Speed and accuracy are the great equalizers on the range. They provide a simple, factual reference on your performance. Almost every pistol competition you shoot has an element of time in its scoring. In USPSA (United States Practical Shooting Association) your hit factor is determined by the number of points you score divided by the time it took you to shoot them. In IDPA (International Defensive Pistol Association) you’re scored off of your total time plus time added on for inaccuracy and penalties. The holes in the target are the second, easy to measure, indication of your performance.
It almost always pays to be faster in competition, and to have the skills to be faster in real life is never going to hurt you. The question I am constantly asked by my fellow competitors, other shooters, and clients on the range is how do I get faster? The answer is not what people intuitively want to hear. What they want to hear is there is a genetic trick, one simple drill, or a ten minute a week solution. The reality is much different. The three major components of increasing your speed are Reference, Repetition, and Efficiency.
I define reference as measurement. Reference answers two questions that you need to ask yourself if you want to get faster, “What is fast?” and “How fast am I?”. Look at the skill you are trying to decrease your time in performing, a draw, a reload, a certain classifier, a Bill drill or whatever and see what a truly fast time is for that action. People who are fast will gladly share their times with you, or you can simply research them online. Knowing a quarter second reload is not possible is step one. Secondly, you need to have a record of your time performing this action. This is where recording your data from practice sessions, using a shot timer provides you with hard data to measure your improvement. Remember, that which gets measured gets improved.
Repetition helps you develop that neural pathway that makes actions become subconscious. By subconscious, I mean you are increasing the myelin on the appropriate neural pathway increasing they transmission speed by up to 400% in some cases. That takes more then ten minutes a week… The saying that practice doesn’t make perfect, it makes permanent is true. You have to put in the hard work of doing something correctly, over and over again. That is just a hard fact of getting better.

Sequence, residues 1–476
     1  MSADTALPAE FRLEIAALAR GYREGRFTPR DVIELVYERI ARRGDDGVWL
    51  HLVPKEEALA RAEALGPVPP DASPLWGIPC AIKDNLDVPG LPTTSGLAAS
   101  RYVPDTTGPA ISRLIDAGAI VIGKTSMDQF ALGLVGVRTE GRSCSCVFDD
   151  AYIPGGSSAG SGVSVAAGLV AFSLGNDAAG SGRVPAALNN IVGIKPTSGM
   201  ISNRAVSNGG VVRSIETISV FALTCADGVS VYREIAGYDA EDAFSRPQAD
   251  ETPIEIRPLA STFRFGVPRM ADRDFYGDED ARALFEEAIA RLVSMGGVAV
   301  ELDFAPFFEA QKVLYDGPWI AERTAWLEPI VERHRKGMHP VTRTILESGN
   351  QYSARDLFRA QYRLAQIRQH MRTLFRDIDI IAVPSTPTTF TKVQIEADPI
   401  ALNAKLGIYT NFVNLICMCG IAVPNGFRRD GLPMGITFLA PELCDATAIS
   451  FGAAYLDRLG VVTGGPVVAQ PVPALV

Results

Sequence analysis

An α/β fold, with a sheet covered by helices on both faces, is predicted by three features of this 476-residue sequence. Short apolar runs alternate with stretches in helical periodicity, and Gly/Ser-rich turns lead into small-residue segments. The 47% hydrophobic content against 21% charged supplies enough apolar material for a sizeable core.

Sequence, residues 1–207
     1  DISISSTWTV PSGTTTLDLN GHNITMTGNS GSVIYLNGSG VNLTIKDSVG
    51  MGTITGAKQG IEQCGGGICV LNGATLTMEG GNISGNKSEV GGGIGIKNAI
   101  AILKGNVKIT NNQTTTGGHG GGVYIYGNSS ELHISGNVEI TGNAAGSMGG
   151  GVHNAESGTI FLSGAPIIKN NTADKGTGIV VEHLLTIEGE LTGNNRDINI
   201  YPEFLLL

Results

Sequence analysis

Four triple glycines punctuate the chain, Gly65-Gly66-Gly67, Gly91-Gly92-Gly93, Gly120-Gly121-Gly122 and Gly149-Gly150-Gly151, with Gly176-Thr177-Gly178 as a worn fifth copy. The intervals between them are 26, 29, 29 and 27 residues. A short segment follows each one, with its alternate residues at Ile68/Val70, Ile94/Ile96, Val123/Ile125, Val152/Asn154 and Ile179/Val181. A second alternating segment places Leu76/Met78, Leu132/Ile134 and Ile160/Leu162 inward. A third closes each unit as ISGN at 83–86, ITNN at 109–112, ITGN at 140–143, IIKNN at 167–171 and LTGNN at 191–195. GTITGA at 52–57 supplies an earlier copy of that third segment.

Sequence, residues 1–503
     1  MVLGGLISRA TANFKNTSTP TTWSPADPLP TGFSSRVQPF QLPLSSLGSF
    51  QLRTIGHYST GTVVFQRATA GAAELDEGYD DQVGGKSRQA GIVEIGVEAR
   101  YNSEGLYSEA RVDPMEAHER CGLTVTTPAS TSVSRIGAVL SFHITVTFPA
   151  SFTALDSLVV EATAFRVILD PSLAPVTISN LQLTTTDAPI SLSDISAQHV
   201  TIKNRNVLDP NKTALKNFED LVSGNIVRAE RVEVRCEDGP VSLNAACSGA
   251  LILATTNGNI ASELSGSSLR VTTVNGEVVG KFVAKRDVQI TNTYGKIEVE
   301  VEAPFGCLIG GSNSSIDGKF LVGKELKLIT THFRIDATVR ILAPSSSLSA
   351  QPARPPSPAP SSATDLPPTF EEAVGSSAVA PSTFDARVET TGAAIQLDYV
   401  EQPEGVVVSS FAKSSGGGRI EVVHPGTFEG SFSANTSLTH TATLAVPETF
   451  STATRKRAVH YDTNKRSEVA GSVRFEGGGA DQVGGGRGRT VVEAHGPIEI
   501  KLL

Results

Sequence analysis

The second aspect of repetition in training is what can you repeatedly do? The ability to do something correctly and quickly but only one time out of ten is in fact counter productive. You are building myelin on incorrect neural pathways nine out of ten times which will not help you out. Slow and precise is of far more value than fast & inaccurate nine out of ten times. Practices doing something correctly until you only do it correctly. If you want to get faster, slow down until you can’t do it wrong and build from there.
Last on the list is efficiency. Are you moving the shortest distance – or was there a shorter way to get into position? Is your technique precise – or is there a means or eliminating excessive movement? Is your equipment always in its proper place – or do you have to hunt for it? Do your eyes see the sight picture and sight alignment every time – or do you still need to look for it? When you decrease the number of ways things can go wrong, you increase your chances of doing it right.
If you want to get faster, here is my three step process. One – Get a timer and start measuring. Two – get some training and feedback on refining your technique – and then do it over and over and over again. Three – eliminate everything you can from every aspect of the drill, skill or stage you are shooting until only the scoreable elements remain. Lastly, If you can figure out how to do all that in ten minutes a week, activate some secret genetic code that does it for you, or myelin development machine, please – let me know! Otherwise – getting faster is simply doing the work, correctly, consistently and frequently.
~ Rowdy Bricco